Keeping a time log (part one)

By Ali
Category: Practical | Date: Tue 11 Nov, 2008

Do you ever have days when feel like you’ve worked hard, yet don’t have much to show for it? Do you suspect that you’re using your time inefficiently? It could be worth keeping a time log for a few days, to find out exactly what’s getting your attention.

A bit like a spending log, a time log is a great tool for not only figuring out where your time goes … but also for keeping you on task and focused.

Your time log

A time log can be as simple as a sheet of lined A4 paper. In the margin, jot down the time when you start each new activity of the day. It’s up to you whether you want to begin the log when you start studying or when you first get up. It’ll look something like this (one of my examples from a couple of weeks ago):

7.40 – 7.50 – Breakfast
7.50 – 8.10 – Writing Cinnamon Scent [a short story] – [wrote] 800 words
8.10 – 8.30 – Making packed lunch, packing rucksack
8.30 – 9.00 – Drafting post on poverty [you can read the final version here]

I usually write down the “from” – “to” times and the activity when I stop doing it ,but you could write the log with just a “from” time when you start an activity.

Fancier ways to keep time logs include:

  • Using a spreadsheet (works well if you’re at your computer all/most of the day, and can be easier to analyse).
  • Using software (useful if much of your studying is done online). One I’ve heard highly recommended, though haven’t used myself, is RescueTime.

The main thing is that your time log needs to be as simple as possible to use. Yes, it’s always going to be a bit of a hassle to fill the thing in constantly, but it really is worth it. Once you’ve tracked three or four typical days, you can start working out where your time goes …

Analysing your time log

Sit down with your bits of paper and a coloured pen. (Or highlight rows in different colours on your spreadsheet.) Use different colours to circle the times where you were:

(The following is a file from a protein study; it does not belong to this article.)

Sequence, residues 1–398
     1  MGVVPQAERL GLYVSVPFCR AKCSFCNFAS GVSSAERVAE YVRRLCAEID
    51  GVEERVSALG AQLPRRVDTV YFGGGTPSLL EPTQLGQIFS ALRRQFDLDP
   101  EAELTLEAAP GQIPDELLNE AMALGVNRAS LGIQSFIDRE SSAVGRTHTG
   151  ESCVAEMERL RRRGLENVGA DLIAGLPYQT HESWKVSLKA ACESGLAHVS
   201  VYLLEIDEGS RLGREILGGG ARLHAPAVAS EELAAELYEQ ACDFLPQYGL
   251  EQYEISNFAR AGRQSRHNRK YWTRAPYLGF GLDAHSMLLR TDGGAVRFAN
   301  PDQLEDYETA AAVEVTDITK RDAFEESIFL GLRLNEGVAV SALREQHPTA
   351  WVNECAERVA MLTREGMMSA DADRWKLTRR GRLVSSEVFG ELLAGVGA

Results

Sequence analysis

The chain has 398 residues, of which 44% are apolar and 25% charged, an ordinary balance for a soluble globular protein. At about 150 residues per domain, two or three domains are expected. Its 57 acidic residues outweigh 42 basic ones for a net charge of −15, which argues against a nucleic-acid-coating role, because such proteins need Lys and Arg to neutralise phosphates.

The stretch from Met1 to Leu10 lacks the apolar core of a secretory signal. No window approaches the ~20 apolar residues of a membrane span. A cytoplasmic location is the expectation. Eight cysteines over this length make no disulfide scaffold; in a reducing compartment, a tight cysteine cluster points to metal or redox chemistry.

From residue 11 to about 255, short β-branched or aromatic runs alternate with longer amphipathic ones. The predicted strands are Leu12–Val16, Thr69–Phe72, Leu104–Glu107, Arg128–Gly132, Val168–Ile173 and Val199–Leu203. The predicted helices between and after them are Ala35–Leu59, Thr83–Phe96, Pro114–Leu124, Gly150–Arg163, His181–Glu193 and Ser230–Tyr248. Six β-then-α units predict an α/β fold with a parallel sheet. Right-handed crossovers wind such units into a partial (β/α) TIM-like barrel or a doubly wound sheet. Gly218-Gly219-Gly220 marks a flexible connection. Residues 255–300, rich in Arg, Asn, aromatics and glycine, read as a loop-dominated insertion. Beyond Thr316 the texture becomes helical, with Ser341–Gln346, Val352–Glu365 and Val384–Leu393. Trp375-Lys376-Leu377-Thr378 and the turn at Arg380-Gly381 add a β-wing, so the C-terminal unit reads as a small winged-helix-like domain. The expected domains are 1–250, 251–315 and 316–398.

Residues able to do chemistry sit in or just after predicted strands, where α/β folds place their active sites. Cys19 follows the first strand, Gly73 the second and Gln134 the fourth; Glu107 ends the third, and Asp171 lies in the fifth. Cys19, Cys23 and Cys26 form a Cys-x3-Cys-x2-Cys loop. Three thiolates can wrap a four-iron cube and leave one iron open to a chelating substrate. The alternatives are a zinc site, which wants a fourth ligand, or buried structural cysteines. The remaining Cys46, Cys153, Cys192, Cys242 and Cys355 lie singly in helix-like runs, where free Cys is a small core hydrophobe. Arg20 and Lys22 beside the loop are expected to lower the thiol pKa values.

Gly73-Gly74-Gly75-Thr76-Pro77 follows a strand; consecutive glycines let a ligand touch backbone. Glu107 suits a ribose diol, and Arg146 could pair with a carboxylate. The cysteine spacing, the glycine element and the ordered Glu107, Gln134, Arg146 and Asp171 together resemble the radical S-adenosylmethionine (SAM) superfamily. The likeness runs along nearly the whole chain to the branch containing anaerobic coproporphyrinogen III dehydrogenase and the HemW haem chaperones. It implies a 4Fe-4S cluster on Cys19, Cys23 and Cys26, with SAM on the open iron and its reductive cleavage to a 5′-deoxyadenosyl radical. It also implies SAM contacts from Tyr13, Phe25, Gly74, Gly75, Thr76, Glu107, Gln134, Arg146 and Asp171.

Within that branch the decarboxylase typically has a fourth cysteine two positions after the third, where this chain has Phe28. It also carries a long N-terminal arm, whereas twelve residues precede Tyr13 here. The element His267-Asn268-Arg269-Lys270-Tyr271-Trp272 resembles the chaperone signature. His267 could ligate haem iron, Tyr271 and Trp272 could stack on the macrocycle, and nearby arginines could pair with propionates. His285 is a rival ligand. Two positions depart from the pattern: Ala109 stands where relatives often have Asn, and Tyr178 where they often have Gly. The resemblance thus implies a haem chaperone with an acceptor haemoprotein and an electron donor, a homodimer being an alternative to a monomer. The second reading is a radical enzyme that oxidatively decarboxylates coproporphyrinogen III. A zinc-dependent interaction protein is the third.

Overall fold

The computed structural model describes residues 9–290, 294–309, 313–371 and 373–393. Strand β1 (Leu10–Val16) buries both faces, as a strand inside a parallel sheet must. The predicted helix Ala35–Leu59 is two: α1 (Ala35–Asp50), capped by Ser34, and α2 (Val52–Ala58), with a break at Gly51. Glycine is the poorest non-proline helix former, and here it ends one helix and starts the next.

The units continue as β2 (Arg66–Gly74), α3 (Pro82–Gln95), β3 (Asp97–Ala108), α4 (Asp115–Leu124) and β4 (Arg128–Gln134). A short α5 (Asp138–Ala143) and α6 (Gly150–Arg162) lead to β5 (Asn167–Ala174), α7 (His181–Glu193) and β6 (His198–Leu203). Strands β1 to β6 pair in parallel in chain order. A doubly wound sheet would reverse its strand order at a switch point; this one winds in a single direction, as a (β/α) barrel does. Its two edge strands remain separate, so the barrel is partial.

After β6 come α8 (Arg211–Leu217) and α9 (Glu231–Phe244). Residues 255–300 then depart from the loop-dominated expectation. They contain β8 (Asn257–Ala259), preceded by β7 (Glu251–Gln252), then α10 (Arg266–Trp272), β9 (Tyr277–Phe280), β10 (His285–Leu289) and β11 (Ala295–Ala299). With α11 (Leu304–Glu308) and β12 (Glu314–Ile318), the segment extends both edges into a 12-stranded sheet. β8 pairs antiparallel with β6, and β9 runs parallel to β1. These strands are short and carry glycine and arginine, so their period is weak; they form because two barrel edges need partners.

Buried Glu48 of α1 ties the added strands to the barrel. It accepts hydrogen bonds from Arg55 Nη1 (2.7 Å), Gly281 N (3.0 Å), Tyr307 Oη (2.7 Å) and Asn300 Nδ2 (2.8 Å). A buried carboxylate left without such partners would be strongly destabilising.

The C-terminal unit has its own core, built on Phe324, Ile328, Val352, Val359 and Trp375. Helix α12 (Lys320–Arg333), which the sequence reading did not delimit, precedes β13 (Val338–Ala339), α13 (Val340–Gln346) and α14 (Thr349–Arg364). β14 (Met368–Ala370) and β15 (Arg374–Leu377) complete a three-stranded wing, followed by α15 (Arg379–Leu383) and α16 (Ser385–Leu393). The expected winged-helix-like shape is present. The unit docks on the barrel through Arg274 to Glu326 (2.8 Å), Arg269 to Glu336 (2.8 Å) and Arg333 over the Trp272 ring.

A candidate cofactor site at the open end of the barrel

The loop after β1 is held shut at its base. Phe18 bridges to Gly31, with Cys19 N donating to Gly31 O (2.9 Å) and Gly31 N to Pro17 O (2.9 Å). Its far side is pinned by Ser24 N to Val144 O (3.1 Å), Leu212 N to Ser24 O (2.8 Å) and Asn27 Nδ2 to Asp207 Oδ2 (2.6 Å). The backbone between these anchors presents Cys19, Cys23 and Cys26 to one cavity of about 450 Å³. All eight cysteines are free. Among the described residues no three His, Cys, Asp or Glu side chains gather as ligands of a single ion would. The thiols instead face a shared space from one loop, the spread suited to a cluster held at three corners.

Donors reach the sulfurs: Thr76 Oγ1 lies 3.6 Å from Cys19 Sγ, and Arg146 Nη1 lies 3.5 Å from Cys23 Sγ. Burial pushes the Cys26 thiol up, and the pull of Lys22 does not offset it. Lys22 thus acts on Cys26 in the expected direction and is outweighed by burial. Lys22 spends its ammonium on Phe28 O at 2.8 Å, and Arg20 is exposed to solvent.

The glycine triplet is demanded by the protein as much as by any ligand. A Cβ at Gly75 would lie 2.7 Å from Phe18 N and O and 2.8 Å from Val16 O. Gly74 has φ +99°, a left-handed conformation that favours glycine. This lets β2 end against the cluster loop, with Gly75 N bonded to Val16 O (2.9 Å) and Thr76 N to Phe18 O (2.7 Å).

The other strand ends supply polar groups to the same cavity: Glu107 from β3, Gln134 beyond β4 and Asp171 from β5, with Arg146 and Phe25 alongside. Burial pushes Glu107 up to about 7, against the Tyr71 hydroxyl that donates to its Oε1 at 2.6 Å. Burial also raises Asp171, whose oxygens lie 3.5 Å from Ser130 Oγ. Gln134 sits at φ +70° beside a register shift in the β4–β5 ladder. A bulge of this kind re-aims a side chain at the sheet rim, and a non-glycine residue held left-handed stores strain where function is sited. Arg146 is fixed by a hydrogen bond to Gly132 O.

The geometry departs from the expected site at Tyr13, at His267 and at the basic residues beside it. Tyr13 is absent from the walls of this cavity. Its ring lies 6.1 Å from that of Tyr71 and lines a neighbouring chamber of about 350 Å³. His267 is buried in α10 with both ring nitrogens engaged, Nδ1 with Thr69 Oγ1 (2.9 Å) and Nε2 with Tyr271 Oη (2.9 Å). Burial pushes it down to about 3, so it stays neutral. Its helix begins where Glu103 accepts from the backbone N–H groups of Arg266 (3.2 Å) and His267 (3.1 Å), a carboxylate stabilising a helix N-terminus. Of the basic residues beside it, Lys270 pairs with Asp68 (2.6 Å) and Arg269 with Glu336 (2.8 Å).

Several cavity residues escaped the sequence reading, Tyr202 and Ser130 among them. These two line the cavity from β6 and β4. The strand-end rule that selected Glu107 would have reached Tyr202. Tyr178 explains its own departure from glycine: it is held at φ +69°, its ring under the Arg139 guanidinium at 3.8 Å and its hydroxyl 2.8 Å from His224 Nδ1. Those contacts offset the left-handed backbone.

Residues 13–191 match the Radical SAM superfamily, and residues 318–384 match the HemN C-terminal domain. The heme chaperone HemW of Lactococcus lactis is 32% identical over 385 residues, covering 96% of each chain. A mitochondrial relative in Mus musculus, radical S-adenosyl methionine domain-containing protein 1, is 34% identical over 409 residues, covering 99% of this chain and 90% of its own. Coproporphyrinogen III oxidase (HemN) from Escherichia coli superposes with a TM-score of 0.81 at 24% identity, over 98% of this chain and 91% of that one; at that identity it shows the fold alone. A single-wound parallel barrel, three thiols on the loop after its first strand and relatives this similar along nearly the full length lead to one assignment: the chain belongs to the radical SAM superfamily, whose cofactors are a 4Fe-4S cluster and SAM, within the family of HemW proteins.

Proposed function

• Studying (could be reading, writing essay, doing practise questions)
  • In lectures or classes
  • Working (at a paid job)
  • Relaxing (i.e. surfing internet, watching television, exercising, reading for leisure)
  • Doing chores or administrative tasks (grocery shopping, tidying, preparing food)
  • Travelling (walking, cycling, on a bus etc)
  • Socialising (chatting to friends, going out)
  • Eating a snack or meal

You may want to use more or fewer categories. If you want to keep things really simple, just figure out how much time you spent studying and in lectures/classes – it can sometimes be a worryingly small proportion of your day!

Do you notice any areas where you’re losing a lot of time? Or even areas where you seem to be more efficient than you thought you were? Make a note of what they are, and check back in a few days time for the next part of this article, “Using your time log”. By then, you should hopefully have several days of time logs completed!

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7 comments:

  1. Time is indeed a precious commodity. Its management is something I’ve been trying to perfect without much success. With each passing time, there are just so much I’ve discovered and learned from blogging but alas, it’s always a problem of too little time to put everything into practice.